On the Ice

14 Jan: Training, Safety First!

Hello Everyone!

It has been a busy first few days here at McMurdo Station. Most of the time has been filled up with training (yes, training), meetings, and even a brief weekend break. We work 6-day weeks here, with Sunday off. (And even some science keeps going on Sundays). I’ve also been very fortunate to visit with colleagues I have not seen in some years who work very hard here at McMurdo Station to make all of the work we do possible.

First, before you can do any work out in the field, we must be trained on how to live, work, and operate all sorts of things both in McMurdo as well as out in the deep field. Hence, since arriving, we have completed the following training activities:

Light Vehicle Driver Training (and I had to do a driver’s test!)
Fire Safety
Waste Management
Environmental Awareness
Antarctic Field Safety
Outdoor Safety
Helicopter operations

Attached are photos of going through a full survival bag, so we know how to handle all of it. We practice lighting stoves, setting up tents, how to stay healthy and manage risks. Also, you can see, there is no “trash” here in Antarctica – but we do separation of all waste at source, with a 65% recycling rate. I think the US is half of that figure or so. And yes, when in the field, we bring EVERYTHING back…everything…for waste management and recycling. So, I will be bringing a Pee bottle with me on my day trips to work on the weather stations. Beyond this I had several planning meetings for planning our actual work. Now we start to dig into flying/driving places hopefully before the week is out! (Once things are scheduled)

Contents of Survival Bag

Waste bins outside of Crary

Waste bins inside the buildings

This weekend, had a nice spot of weather with temperatures around 30°F, calm winds, and sunny skies. Hence, I got to walk out to Hut Point Peninsula – just next to the station. Here I was able to get photos of some seals, and yes, the US Coast Guard Icebreaker Polar Star has arrived! It is cutting a channel for resupply and research vessels to visit McMurdo station in the coming weeks. Also located here is Scott’s Hut – a hut built by Sir Robert Falcon Scott, during the heroic age of exploration of Antarctica. The hut is still here, and is now a protected area – you have to have a permit to enter the hut. Inside, you find all of the items Scott, and others who used the hut, left behind, as they left them (things really don’t degrade away here that much in Antarctica). Also in the background, you can see the “ice pier” (covered with the volcanic rock found here (there is no “dirt” here). The ships will be docking in what is known as Winter Quarter’s Bay – one of the southern most points in the world you can sail a ship. At the very tip of Hut Point is a cross in honor of George T. Vince – a member of Scott’s 1901 crew. He died falling off the “Danger Slopes” in a blizzard back in 1902, and slipped into the sea/ice below. The tip of the peninsula itself has now “calved” off into the ocean and made an even steeper cliff into the water below. Also in the photo is a view of McMurdo Station as it is today, as well as Observation Hill on the other side of the station.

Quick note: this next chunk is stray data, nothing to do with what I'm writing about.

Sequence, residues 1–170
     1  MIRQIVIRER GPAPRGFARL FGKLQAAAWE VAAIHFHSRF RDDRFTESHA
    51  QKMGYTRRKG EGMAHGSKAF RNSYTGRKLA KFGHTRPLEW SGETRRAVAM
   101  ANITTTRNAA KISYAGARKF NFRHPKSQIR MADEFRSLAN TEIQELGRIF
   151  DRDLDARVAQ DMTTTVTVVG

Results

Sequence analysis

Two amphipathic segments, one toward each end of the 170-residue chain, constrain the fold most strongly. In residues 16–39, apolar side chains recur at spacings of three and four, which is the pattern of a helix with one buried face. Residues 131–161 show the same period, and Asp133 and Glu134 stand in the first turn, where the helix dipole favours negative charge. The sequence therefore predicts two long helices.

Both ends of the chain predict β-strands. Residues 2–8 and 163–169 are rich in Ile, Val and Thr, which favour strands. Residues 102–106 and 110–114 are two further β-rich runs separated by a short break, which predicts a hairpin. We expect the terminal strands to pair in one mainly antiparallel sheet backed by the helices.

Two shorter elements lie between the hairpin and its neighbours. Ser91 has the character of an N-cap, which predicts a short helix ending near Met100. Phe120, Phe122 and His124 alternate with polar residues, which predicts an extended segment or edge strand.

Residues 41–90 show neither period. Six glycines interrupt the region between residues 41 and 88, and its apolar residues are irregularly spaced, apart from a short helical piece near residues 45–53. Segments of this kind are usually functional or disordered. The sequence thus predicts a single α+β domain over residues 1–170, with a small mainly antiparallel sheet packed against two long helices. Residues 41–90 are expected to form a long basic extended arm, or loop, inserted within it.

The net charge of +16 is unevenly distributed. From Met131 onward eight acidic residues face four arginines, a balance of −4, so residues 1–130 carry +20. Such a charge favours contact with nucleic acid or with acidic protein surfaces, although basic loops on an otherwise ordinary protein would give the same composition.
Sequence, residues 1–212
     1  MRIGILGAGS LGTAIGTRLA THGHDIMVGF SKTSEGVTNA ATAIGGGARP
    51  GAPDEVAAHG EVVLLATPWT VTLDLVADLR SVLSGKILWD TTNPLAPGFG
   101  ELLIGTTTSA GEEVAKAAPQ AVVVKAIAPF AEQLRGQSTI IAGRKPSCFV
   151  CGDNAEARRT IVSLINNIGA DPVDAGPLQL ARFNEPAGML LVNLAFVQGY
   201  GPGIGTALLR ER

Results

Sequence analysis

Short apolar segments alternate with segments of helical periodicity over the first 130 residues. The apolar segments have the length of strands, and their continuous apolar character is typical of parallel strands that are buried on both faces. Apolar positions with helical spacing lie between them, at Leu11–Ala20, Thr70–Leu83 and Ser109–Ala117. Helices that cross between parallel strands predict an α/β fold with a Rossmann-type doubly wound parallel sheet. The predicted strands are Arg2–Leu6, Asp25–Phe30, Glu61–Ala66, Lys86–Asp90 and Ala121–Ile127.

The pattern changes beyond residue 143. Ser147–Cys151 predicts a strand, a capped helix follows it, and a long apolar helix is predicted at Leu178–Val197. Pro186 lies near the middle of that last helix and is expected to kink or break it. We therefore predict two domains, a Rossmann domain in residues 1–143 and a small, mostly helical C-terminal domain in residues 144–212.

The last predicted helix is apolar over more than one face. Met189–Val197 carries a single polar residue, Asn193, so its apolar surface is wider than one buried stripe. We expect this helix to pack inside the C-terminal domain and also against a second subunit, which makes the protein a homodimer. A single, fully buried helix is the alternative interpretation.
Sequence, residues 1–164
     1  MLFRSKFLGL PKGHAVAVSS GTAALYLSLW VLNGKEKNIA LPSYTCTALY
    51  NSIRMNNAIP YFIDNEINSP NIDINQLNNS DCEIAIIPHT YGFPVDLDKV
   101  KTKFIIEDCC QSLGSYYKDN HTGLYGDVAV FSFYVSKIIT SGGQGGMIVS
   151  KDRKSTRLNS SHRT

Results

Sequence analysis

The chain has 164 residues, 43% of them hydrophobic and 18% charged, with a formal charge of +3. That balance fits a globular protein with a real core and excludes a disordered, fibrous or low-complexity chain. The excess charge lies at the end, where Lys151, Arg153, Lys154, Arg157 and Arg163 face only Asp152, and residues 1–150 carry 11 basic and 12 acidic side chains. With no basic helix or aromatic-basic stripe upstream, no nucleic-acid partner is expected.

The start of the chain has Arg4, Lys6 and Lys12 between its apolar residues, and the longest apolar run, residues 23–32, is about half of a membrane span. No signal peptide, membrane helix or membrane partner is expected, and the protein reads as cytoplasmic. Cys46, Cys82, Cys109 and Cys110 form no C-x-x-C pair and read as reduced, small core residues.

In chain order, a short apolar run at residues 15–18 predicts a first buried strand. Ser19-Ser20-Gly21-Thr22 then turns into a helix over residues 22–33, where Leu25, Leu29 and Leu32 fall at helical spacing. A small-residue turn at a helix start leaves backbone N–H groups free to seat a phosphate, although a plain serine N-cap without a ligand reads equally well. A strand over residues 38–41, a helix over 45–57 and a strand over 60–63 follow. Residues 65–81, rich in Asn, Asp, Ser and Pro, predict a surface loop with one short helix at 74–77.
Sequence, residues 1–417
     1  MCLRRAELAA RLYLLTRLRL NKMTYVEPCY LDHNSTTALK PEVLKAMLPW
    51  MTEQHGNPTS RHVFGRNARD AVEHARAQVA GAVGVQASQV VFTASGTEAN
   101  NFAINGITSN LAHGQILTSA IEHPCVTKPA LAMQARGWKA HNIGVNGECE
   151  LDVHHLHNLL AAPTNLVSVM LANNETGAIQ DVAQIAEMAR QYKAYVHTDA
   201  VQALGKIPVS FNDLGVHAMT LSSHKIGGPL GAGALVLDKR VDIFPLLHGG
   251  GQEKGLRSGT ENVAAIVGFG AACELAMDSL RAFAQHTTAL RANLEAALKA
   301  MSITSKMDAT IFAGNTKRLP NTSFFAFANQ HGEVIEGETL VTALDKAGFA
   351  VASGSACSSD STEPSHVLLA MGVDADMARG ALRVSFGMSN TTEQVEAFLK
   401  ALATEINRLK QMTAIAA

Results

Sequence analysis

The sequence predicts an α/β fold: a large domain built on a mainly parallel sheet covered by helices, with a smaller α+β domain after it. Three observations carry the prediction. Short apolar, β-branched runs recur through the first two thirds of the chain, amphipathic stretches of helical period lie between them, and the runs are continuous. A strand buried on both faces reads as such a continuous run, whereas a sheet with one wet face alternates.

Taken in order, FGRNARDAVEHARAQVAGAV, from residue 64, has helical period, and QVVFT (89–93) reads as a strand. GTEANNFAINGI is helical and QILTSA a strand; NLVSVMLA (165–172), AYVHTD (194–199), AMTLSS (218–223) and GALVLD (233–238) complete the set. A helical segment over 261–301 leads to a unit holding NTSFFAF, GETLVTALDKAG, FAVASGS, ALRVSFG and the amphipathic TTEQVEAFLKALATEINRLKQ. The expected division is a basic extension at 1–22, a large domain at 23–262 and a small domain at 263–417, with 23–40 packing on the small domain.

US Coast Guard Icebreaker

Scott’s Hut

Vince’s Cross at Hut Point with Observation Hill and McMurdo in the backgroun

There are a series of talks/presentations given here at McMurdo Station. One is the Sunday lecture. This lecture is attended by most folks on station. The largest spot is the galley where we have our meals. This week’s presentation was on some of the historical figures who explored the Antarctic – especially ones like Vince – who are not well known, but were a part of the early exploration and early science accomplished here in Antarctica. Folks such as Crozier, Vince, Ross, McMurdo were discussed. Many impressive folks that did great work that aren’t household names, and collectively paved the way for modern Antarctic science.

More later in the week!

Best Regards,


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